I am outnumbered.

But Patch has his way. He always got his way. He knows he has a grave to dig, I think to myself.

When he scratches on the door to come in at 6 am, after I have fallen into a deep sleep, I am half disappointed. For it means we must put him down. And putting a pet down is a traumatic experience.

“Patch David”, the nurse calls from the reception area of the vet’s practice. Patch David, St Peter calls ...

We return home and debate whether to bury Patch at the tree he started digging under. We decide it may be better to bury him in the rose bed overlooking the Umgeni River, or where the giant pine tree used to stand.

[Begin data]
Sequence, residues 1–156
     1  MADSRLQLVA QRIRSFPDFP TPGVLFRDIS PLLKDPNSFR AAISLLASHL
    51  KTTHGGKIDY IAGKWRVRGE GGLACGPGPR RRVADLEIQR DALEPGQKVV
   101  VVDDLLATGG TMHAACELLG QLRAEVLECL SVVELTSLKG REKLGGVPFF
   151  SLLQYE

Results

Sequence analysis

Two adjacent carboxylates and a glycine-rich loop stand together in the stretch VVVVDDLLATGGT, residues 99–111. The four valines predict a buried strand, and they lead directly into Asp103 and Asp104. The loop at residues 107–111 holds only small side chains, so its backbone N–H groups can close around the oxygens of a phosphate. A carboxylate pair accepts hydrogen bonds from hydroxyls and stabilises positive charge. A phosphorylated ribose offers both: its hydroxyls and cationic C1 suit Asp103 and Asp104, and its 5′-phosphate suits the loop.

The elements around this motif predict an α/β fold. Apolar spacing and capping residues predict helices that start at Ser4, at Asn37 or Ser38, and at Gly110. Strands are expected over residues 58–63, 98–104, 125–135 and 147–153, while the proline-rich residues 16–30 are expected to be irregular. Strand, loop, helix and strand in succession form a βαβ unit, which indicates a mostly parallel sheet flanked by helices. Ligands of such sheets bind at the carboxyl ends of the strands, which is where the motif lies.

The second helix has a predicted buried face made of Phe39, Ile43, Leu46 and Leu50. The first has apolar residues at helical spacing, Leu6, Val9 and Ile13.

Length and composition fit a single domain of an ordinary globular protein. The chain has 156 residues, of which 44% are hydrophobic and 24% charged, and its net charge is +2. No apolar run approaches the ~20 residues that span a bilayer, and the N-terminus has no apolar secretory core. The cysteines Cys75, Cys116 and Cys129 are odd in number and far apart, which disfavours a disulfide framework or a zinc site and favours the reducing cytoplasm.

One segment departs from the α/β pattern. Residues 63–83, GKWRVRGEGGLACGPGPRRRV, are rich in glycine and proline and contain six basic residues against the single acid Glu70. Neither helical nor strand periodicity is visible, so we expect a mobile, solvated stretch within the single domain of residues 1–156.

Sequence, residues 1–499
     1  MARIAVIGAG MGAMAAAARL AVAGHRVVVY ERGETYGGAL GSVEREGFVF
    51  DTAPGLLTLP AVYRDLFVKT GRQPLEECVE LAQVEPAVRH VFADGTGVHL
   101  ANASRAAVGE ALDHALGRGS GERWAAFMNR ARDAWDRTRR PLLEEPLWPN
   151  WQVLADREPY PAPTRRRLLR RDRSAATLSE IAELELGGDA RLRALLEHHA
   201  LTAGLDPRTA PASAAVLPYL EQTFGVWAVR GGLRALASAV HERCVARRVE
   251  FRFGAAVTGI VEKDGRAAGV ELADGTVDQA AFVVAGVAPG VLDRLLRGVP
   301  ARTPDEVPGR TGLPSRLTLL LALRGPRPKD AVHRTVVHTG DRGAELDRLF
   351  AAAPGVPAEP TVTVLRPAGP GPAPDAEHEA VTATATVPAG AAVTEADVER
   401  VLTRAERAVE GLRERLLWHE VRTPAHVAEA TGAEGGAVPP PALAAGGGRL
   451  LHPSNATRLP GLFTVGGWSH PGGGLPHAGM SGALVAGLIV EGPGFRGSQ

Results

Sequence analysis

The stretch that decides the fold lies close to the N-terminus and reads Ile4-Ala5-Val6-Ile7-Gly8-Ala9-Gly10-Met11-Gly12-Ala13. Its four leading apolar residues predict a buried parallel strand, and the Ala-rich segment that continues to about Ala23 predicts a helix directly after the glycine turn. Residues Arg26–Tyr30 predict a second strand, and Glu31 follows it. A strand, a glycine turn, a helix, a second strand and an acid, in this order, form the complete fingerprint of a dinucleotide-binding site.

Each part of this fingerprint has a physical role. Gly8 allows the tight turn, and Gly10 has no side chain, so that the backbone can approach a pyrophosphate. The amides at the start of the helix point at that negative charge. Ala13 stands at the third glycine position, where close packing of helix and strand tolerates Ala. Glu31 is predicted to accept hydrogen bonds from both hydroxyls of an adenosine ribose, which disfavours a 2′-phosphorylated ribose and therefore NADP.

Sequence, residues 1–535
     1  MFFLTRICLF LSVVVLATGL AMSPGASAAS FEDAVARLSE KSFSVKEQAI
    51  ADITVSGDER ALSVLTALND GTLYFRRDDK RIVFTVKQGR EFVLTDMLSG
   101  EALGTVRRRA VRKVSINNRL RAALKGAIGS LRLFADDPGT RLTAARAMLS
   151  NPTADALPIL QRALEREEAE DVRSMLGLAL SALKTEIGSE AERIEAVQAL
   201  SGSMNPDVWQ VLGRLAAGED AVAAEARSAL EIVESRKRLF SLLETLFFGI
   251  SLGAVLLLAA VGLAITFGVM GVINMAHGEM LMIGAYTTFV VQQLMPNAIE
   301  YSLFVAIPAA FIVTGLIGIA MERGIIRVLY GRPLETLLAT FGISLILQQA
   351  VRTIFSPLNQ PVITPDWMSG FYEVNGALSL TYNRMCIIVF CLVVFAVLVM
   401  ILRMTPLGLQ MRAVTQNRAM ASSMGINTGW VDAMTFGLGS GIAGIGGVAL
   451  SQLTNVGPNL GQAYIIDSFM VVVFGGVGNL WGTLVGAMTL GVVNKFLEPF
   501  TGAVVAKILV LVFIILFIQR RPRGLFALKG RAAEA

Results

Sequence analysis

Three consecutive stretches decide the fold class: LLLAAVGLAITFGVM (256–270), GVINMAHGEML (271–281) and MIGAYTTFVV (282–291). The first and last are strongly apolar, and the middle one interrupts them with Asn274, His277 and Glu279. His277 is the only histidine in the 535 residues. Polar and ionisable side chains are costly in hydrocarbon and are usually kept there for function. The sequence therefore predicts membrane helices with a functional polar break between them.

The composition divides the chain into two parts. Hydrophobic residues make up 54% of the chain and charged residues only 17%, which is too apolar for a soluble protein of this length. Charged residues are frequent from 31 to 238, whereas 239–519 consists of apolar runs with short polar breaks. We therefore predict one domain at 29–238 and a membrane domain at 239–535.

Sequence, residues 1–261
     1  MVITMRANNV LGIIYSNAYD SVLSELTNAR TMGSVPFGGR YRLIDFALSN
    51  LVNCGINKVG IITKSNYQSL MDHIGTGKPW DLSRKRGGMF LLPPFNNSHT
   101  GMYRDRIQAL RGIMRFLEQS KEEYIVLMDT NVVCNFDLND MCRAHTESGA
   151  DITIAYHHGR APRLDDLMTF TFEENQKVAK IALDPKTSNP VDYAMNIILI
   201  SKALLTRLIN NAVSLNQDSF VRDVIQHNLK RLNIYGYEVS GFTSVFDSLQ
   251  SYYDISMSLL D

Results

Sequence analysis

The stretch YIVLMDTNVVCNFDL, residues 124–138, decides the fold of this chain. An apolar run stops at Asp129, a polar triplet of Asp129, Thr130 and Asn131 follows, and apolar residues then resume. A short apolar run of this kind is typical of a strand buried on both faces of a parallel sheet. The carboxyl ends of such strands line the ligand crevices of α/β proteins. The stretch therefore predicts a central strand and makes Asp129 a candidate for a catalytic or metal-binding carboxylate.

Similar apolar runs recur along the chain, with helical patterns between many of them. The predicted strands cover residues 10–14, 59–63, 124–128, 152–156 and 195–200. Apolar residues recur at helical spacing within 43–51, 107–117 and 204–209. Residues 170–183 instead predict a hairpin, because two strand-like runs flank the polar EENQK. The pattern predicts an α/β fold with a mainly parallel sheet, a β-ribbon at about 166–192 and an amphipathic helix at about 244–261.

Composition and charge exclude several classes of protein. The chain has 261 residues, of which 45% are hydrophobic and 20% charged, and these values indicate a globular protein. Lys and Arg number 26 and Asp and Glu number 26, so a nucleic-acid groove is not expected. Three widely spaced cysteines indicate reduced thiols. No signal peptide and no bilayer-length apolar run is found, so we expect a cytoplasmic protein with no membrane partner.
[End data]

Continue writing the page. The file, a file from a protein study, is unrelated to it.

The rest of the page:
But just then Duke, our basset hound and lifelong companion of Patch, waddles to the avocado tree and with his knobbly legs, chubby paws and long nails, starts digging. We cannot believe what we are seeing. With tears in my eyes, I take the pick and spade, and prepare Patch’s last resting place.

I had always considered an avocado tree an inauspicious resting place. Months later, however, I stumble across the symbolism of an avocado tree. It symbolises everlasting love. In Colombia, for example, an ideal husband brings avocados as gifts for his wife. And then I had peace. For it made sense to me why our boy had to die on Valentine’s Day.

Two nights after Valentine’s Day, I have a dream about Patch. I dream I am fighting with our vet and screaming: “You are the one responsible for Patch dying. You gave him old insulin. Just look at this. The insulin you gave us has expired.”